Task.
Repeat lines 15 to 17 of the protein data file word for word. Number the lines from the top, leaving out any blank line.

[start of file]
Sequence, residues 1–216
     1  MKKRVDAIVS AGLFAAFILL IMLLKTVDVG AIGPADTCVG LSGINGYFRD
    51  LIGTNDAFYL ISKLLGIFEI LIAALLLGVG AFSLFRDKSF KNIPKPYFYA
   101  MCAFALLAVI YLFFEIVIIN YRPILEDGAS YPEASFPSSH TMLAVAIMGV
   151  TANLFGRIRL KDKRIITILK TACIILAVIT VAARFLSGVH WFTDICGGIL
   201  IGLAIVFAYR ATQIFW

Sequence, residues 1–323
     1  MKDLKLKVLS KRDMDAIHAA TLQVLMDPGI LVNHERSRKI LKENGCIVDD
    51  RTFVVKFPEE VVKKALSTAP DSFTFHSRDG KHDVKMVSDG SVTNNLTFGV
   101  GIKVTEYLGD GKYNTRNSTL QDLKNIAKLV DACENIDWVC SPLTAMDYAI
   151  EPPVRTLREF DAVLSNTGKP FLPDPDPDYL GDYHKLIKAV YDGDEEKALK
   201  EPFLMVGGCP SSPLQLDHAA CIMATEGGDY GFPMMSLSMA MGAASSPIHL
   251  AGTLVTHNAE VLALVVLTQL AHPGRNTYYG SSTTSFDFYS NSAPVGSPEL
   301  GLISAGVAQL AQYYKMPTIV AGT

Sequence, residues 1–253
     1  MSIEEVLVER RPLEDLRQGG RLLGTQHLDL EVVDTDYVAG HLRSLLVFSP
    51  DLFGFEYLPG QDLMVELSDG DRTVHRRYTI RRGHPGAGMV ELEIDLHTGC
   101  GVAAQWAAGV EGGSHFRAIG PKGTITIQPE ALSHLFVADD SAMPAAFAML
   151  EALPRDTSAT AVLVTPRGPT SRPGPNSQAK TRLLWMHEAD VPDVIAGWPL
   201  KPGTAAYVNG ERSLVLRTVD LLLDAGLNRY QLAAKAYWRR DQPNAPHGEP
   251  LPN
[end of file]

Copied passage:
Sequence, residues 1–253
     1  MSIEEVLVER RPLEDLRQGG RLLGTQHLDL EVVDTDYVAG HLRSLLVFSP
    51  DLFGFEYLPG QDLMVELSDG DRTVHRRYTI RRGHPGAGMV ELEIDLHTGC